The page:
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Documentaries: Episodes

Audrey Brown chairs a discussion on the effects of World War One in Africa. She hears the stories from African fighters, on both the German and British sides. And she speaks to Tanzanians who tell their family memories, like Oswald Masebo from Dar es Salaam University.
More women and girls from Canada's Aboriginal population go missing or are murdered than any other section of society. Joanna Jolly reports from the city of Winnipeg.
Imagine your nationality was used by people all around the world to describe someone with a learning disability or a stupid person. Uuganaa Ramsay investigates how the word mongol became a term to describe someone with Down's Syndrome and as a term of abuse meaning an idiot.
Dawood Azami talks to some of the descendants of the thousands of Afghan pioneers in Australia, Afghanistan and Pakistan, who, with their camels, first arrived in Australia in the 1860s and criss-crossed the harsh interior of Australia for several decades. He explores the adventurist nature and the entrepreneurial ...
World renowned DJ Edu, aka The ‘Afro Boss’, is on a journey across Africa to explore how the young generation are having fun from Friday to Sunday.

He starts in his hometown Nairobi and finds out how young, up and coming DJs, are making their mark on the music world by selling mixtapes on the public ...
The story of a Tanzanian safe house, a place where girls find refuge from female genital mutilation - a bloody and life-threatening rite of passage.
Ahmed has spent much of the last three and a half years sleeping on London’s night buses. He fled to the UK from India in 2002 during the communal riots in Gujarat, fearing that he was going to be a target. He had his asylum application turned down but, still nervous about the situation at home, he ...
Dawood Azami focuses on the life and legacy of the Afghan cameleers, who first arrived in Australia in the 1860s. They played a crucial role in the development of railway lines, overland Telegraph line and provided supplies to remote mission stations and farms. They became part of the pioneering legend ...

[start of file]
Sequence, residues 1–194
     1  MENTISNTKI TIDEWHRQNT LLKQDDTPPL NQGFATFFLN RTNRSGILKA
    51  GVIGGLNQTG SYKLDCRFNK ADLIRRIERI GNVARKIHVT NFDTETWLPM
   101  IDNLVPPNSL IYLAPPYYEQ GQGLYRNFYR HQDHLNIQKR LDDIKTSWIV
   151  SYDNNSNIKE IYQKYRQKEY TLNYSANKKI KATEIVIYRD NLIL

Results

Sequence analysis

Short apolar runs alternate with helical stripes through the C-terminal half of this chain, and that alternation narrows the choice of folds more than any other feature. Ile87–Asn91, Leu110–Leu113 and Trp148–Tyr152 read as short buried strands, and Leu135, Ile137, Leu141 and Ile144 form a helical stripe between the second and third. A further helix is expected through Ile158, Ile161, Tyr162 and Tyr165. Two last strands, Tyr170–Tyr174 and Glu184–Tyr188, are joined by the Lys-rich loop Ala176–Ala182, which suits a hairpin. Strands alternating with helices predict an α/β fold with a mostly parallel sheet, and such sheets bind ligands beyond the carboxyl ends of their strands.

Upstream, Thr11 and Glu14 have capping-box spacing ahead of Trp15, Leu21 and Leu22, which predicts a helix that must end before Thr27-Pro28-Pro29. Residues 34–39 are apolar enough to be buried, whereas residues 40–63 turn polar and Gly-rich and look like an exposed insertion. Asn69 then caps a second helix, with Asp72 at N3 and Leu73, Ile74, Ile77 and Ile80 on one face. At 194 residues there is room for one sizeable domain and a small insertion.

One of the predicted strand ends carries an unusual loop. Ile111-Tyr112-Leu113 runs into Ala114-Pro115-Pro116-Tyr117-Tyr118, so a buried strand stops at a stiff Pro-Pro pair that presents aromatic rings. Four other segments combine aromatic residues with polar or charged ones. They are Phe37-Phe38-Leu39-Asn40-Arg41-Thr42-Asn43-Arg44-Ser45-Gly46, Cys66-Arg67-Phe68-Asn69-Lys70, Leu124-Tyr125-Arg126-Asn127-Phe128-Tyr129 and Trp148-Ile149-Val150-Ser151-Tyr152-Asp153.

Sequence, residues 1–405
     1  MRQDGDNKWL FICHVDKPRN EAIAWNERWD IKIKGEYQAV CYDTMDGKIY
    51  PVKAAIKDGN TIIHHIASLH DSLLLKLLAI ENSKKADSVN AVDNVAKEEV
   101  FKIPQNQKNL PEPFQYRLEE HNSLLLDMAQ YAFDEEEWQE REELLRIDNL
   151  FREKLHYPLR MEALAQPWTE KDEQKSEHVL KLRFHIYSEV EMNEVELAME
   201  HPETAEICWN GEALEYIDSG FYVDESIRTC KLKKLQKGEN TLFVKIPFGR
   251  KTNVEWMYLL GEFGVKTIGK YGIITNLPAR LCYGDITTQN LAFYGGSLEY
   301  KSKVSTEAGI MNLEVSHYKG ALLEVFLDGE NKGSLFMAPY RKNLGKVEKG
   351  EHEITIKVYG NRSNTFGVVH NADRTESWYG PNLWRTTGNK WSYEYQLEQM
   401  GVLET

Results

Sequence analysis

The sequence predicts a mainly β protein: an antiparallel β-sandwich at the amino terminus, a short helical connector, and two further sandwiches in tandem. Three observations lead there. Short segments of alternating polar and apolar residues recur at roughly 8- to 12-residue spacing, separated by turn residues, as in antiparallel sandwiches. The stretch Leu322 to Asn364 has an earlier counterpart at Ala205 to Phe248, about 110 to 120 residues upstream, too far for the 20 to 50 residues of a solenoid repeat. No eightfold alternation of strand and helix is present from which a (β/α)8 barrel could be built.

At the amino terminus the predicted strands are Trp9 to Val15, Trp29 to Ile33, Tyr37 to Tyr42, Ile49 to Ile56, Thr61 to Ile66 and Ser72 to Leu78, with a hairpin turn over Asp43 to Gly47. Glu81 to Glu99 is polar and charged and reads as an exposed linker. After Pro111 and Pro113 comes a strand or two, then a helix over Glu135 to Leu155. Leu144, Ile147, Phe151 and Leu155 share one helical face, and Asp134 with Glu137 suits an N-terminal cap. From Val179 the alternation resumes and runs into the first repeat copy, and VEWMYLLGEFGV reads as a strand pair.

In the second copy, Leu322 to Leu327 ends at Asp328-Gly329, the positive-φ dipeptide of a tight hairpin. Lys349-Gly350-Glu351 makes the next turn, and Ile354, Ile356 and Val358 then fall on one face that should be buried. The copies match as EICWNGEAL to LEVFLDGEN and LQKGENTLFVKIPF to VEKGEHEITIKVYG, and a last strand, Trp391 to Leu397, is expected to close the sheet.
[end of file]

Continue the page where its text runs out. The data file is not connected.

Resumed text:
What’s in your fridge? That’s the question former BBC Africa Service editor Elizabeth Ohene has been asking as she opens fridge doors on three continents to find out how the fridge has changed – and continues to change – millions of lives around the world.
Edward Stourton looks back at the remarkable life of Lee Kuan Yew, who transformed Singapore from a backwater into one of the world’s richest nations. He talks to critics and admirers as he assesses the record of the man who laid down the blueprint for the modernisation of the island nation.
Tim Whewell tells the story of how Gaza's only grand piano is being restored and of how music - for so long played behind closed doors - is being re-introduced to school children.
Formerly known as Burma, the Republic of the Union of Myanmar is in a state of upheaval. Business is booming in Yangon, thanks to new access to international markets. And while the country is offering greater stability for investors, ethnic and political tensions still run high. Mark Turin explores what ...
Indian Journalist Rupa Jha travels to her own state of Bihar, where nearly 10% of the population now live, facing many of the issues confronting the average citizen. It is the height of festival season and Patna is resonating to the sound of loud fireworks and blaring music. She speaks to four local ...
How did the disease originate & how was its deadly progress checked? Statistician Hans Rosling & the WHO's Margaret Lamunu discuss their experiences of fighting the disease.
Detroit Soup is an innovative crowdfunding dinner which has raised more than $85,000 for community projects in Motor City - but could it work elsewhere? The BBC takes Detroit Soup founder Amy Kaherl to Nepal, to inspire a new crowdfunding culture, Kathmandu-style.
Lyse Doucet talks to journalist Safa al-Ahmad about her recent reporting trip to Yemen to cover the takeover of the capital Sanaa by Houthi rebels from the north of the country.
Bhutan is a landlocked country in the eastern Himalaya, best known as a Buddhist kingdom where the policy of ‘Gross National Happiness’ replaced GDP. Anthropologist and linguist Mark Turin documents the country’s endangered oral traditions. Can Bhutan’s languages and cultures be preserved in ...
Journalist Rupa Jha travels to her own state of Bihar, where nearly 10% of the population now live, and who face many of the issues confronting the average citizen. In part two Dalit student Sunil hopes his exam results will help lift his entire family out of poverty.
Theo Leggett looks at our apparent addiction to economic growth as the secret to prosperity and cure for global poverty. In a finite world with limited resources, can economies continue to grow indefinitely, or will physical and environmental constraints have the final word?
Has Eritrea reached its Millenium Development Goals target early? BBC’s Yalda Hakim finds out in areas such as child mortality, maternal health and HIV/Aids and malaria.
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